Implementing a UK financial transaction tax (FTT) on high-frequency trading (HFT) would be almost impossible, according to industry experts.
The House of Commons Business, Innovation & Skills Committee today published its recommendations to the UK government following the 2012 Kay Review, and suggested it should examine the possible implementation of a tax on HFT transactions in equities.
The report said such a move could help reduce some of the negative impacts HFT can have on markets, claiming it is correlated to share price volatility. The committee also questioned arguments that it provided markets with liquidity.
However, UK buy-side trade body the Investment Management Association (IMA) has questioned the wisdom of using taxation to control market participants.
Jorge Morley-Smith, director of tax at the IMA, said: "Tax is a very blunt instrument to use to try and control what is ultimately a fairly small sub-set of the market."
While asset managers have often been concerned about the impact of HFT, Christian Voigt, business solutions architect at Fidessa, suggested that fears are often unfounded, because government and the industry already focus their efforts on safe and robust IT systems that are properly managed and monitored.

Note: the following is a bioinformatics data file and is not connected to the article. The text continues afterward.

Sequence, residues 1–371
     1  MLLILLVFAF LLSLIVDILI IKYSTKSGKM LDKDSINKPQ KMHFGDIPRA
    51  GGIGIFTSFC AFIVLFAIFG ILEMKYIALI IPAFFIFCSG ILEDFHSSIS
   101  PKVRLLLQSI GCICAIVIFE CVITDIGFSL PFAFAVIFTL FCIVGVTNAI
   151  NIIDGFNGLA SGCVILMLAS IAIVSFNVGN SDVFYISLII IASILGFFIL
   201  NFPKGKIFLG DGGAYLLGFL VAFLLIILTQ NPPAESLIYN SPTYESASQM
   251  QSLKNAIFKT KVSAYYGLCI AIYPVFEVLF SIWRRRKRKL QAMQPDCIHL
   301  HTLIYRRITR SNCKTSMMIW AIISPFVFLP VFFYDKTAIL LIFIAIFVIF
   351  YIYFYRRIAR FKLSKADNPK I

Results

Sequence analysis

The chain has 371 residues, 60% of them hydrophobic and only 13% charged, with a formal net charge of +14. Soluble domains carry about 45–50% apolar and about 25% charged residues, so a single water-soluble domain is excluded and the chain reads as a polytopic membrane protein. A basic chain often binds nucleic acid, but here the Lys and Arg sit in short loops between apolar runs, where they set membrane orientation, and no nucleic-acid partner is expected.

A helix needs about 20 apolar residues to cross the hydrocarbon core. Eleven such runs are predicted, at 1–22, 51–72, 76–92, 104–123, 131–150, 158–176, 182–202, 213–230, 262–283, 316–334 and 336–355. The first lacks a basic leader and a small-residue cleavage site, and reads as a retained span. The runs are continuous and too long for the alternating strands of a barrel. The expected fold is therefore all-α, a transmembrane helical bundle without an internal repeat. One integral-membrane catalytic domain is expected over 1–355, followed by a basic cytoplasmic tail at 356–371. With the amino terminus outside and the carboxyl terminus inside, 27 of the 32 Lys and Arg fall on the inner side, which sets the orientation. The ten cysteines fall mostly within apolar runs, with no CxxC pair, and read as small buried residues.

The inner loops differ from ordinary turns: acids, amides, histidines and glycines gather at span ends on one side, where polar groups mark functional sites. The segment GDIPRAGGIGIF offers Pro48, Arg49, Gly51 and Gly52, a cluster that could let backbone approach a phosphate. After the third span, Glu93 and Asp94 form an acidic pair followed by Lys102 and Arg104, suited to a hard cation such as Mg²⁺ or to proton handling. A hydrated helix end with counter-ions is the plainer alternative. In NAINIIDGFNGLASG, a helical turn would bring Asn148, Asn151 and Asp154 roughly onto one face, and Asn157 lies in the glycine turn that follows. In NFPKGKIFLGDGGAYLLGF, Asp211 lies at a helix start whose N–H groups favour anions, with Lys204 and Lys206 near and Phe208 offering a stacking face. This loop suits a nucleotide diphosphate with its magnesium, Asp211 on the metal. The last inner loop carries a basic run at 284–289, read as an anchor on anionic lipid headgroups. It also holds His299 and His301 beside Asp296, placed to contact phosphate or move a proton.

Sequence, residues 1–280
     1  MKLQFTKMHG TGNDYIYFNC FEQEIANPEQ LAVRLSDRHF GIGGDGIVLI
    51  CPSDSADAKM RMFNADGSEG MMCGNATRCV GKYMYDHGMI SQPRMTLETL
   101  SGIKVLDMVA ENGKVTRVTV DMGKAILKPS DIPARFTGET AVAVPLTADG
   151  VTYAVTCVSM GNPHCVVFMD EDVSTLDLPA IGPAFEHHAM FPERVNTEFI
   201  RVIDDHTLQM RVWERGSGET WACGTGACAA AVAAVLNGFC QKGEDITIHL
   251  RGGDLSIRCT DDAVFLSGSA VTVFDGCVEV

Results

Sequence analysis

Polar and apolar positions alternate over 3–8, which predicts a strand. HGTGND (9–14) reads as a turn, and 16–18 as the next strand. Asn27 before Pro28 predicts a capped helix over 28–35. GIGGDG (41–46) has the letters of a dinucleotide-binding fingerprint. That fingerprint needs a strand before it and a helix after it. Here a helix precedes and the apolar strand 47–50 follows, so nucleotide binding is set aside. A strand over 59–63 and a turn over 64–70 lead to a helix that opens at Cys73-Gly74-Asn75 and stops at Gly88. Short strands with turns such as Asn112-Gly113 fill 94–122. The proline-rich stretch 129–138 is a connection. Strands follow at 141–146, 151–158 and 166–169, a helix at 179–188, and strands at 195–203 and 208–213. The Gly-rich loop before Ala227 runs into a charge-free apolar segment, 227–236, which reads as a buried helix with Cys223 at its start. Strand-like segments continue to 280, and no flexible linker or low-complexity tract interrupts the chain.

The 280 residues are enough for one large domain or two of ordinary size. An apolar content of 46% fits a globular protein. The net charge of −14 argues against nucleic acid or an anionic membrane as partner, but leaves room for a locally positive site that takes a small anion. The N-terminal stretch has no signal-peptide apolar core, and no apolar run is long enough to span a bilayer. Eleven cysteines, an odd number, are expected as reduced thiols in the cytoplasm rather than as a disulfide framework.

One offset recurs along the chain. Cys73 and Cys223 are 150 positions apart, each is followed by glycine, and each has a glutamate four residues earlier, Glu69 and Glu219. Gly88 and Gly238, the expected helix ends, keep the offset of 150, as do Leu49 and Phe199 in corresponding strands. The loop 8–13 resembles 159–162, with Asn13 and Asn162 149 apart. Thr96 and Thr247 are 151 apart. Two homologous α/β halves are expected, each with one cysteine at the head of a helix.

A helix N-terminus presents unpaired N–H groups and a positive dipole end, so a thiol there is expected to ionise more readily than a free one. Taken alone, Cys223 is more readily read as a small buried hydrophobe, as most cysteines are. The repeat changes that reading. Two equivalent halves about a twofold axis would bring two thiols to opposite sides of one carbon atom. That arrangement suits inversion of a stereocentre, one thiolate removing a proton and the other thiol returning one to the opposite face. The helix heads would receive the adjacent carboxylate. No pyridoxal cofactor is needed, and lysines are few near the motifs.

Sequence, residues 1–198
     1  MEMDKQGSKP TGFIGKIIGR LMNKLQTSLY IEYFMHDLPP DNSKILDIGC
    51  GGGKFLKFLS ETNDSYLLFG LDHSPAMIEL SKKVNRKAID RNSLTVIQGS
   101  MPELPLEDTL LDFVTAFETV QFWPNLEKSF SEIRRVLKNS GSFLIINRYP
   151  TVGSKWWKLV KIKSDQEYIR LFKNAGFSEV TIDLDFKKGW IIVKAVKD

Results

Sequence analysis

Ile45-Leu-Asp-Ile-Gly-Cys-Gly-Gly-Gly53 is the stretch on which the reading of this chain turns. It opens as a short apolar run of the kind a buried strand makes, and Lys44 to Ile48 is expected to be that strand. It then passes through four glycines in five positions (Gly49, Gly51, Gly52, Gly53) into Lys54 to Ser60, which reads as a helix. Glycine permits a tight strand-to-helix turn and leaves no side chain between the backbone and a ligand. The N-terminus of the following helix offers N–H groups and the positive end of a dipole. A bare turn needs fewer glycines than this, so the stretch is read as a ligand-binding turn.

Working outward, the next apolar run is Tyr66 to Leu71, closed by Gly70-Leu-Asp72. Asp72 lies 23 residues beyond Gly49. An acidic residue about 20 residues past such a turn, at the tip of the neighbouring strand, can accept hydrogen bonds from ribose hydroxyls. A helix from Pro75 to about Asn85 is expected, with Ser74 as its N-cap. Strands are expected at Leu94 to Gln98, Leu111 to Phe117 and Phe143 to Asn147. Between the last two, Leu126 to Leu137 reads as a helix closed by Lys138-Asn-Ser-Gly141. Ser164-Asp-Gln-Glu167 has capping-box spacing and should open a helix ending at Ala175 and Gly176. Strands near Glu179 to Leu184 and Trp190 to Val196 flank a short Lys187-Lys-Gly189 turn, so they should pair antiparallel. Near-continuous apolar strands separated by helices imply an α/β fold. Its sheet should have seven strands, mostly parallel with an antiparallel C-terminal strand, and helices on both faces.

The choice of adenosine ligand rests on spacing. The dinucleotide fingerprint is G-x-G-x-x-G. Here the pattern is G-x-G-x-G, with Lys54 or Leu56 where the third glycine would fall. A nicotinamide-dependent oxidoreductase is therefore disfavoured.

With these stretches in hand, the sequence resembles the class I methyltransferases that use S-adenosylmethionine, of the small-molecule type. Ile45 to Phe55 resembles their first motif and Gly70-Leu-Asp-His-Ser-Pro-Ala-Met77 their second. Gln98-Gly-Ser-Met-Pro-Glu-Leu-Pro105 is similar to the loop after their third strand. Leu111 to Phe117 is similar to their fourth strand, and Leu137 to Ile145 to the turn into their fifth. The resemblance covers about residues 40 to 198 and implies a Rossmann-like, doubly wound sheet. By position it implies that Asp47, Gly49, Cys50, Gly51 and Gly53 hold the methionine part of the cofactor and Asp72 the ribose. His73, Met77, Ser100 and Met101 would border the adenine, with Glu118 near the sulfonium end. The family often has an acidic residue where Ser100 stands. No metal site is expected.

"How do you really define HFT? It's not tied to a particular type of investor or trading strategy as it's ultimately just a trading technology," he explained.
Morley-Smith also believes that it is difficult to build a working definition of an HFT business that would not disadvantage asset managers.
He said: "We've seen a lot of proposals across Europe about ways of stopping HFT, but the definitions are always so broad that they would capture everything. I'm not sure you can define HFT in such a way that it won't impact a very large number of market participants."
If an FTT were levied on HFT trades it would negatively impact market liquidity, according to Voigt.
"While the buy-side might gain some small benefits from an FTT, it would also force some market makers out and reduce the liquidity available which would far outweigh any positive effects," he added.
Even the committee itself was dubious about whether implementing a tax focused on high-frequency activity would be possible, though it did largely agree that HFT had a negative impact on the market.
Earlier this year, a German HFT law was adopted, which mandates exchanges to set order-to-trade ratios and minimum tick sizes, and requires HFT firms to register with national markets regulator.